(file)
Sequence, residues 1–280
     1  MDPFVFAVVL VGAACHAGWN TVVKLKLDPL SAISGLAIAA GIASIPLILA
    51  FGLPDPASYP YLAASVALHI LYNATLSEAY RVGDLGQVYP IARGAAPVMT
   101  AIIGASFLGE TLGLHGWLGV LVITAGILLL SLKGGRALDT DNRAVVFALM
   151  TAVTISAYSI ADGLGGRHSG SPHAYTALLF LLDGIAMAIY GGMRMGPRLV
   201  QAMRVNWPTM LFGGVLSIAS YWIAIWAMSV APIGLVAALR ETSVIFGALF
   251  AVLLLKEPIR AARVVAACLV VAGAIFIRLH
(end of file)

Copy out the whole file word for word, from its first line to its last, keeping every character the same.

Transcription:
Sequence, residues 1–280
     1  MDPFVFAVVL VGAACHAGWN TVVKLKLDPL SAISGLAIAA GIASIPLILA
    51  FGLPDPASYP YLAASVALHI LYNATLSEAY RVGDLGQVYP IARGAAPVMT
   101  AIIGASFLGE TLGLHGWLGV LVITAGILLL SLKGGRALDT DNRAVVFALM
   151  TAVTISAYSI ADGLGGRHSG SPHAYTALLF LLDGIAMAIY GGMRMGPRLV
   201  QAMRVNWPTM LFGGVLSIAS YWIAIWAMSV APIGLVAALR ETSVIFGALF
   251  AVLLLKEPIR AARVVAACLV VAGAIFIRLH